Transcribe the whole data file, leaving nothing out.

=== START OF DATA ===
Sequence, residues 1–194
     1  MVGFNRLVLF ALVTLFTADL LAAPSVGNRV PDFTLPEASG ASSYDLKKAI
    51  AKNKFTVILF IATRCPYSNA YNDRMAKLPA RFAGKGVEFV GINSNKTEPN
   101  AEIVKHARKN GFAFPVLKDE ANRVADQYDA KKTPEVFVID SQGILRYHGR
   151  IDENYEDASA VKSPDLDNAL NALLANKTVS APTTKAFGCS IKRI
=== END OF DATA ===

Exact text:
Sequence, residues 1–194
     1  MVGFNRLVLF ALVTLFTADL LAAPSVGNRV PDFTLPEASG ASSYDLKKAI
    51  AKNKFTVILF IATRCPYSNA YNDRMAKLPA RFAGKGVEFV GINSNKTEPN
   101  AEIVKHARKN GFAFPVLKDE ANRVADQYDA KKTPEVFVID SQGILRYHGR
   151  IDENYEDASA VKSPDLDNAL NALLANKTVS APTTKAFGCS IKRI